April 12, 2021
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CAD: More Chins Are In Debt For Food

07 January 2010: More than 80 percent of households have already been in debt as they borrow money to buy food, according to a survey conducted in Thantlang and Rezua Townships of Burma’s Chin State in 2009 by CAD (Country Agency for Rural Development).

The survey released today showed that only 20 percent of households could afford a weekly rice consumption in these two townships, with 25 percent skipping the whole week with no rice consumption and 11 percent having no access to food.

Most households have got to find irregular and alternative ways such as selling domestic animals in order to pay their debts while others have just got to rely on food given by relatives, reduce a number of meals a day or even skip the entire day with no food, according to the report.

“The assessment found 36.20% of households having no labour available, 29.80% facing a lack of irrigation, 14.90% being unable to increase the yields of their crop production in the agricultural practices and only 2.10% having no land available,” said CAD’s recent report.

Most of the people depend on traditional upland slash-and-burn cultivation while a few practice wet paddy land farming. These practices of cultivation are no longer reliable as the land has become barren after years of traditional farming system.

Private animal farming, according to the survey, is mostly practiced and sales of livestock has become the main source of income for the villages.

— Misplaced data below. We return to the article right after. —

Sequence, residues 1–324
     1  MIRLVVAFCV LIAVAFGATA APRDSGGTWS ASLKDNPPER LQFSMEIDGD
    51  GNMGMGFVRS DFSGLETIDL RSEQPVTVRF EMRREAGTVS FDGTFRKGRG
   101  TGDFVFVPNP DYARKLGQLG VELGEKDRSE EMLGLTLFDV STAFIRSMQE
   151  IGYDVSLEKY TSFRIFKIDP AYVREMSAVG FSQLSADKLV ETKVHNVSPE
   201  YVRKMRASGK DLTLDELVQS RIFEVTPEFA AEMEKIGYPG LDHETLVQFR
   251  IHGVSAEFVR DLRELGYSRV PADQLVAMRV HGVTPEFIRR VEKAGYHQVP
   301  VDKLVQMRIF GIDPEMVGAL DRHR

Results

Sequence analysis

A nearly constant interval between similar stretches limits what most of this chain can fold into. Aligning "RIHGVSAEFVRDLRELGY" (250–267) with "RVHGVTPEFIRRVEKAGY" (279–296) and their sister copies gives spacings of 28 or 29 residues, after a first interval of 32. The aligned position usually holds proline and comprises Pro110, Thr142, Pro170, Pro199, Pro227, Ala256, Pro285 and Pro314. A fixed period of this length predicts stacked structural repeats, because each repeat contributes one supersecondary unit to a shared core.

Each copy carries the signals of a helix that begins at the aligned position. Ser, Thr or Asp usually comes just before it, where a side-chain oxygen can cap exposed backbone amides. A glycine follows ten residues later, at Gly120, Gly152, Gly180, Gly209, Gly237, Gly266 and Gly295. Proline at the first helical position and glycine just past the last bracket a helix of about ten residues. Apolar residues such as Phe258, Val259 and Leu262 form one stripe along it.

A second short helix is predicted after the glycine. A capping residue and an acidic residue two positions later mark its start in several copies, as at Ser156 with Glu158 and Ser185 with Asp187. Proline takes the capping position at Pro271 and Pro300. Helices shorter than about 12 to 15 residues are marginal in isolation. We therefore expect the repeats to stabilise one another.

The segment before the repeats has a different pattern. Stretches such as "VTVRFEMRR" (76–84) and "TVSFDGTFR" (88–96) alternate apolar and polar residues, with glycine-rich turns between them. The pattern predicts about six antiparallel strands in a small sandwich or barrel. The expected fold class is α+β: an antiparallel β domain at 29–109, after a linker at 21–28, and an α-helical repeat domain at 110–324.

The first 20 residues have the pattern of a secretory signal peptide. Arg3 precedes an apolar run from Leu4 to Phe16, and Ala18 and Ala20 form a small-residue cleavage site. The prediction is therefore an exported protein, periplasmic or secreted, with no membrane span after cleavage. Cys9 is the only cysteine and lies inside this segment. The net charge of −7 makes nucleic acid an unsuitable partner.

The survey also claimed the poor condition of health in the areas as one of the main problems facing the people, with their expenses on health becoming second highest to food.

“98.30% of households fetch drinking water by piped system with PVC pipe from water
sources such as streams but 1.7% of households by bamboo-made irrigation system. More than half of the community undertakes practice of fly proof hygiene while 36.70% of households continue with direct pit latrine and 3.30% with surface latrine,” it added.

Since 2007, Chin people have been facing military-ignored food crisis caused by a plague of rats that destroy all the crops and storages. Like other ethnic nationalities in Burma, they have long been suffering from the brutalities and systematic repression inflicted by the military junta.

Burma, once known as the rice bowl of Asia, has now become one of Asia’s poorest countries after decades of the military regime’s rules. Nearly half the government budget is spent on the military and just 19p per person per year on health, according to Burma Campaign UK.

CAD admitted that its findings probably represent only about 30 percent of the two Townships as the survey was conducted only among the villages of CAD projects.

CAD (Country Agency For Rural Development) is a Catholic faith based local non-governmental and non-profitable organization working for remote villagers in 3 townships (Hakha, Matupi and Thangtlang) in the central part of Chin state and Monhla village in Ye Oo township of Sagaing division.


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Chinland Guardian

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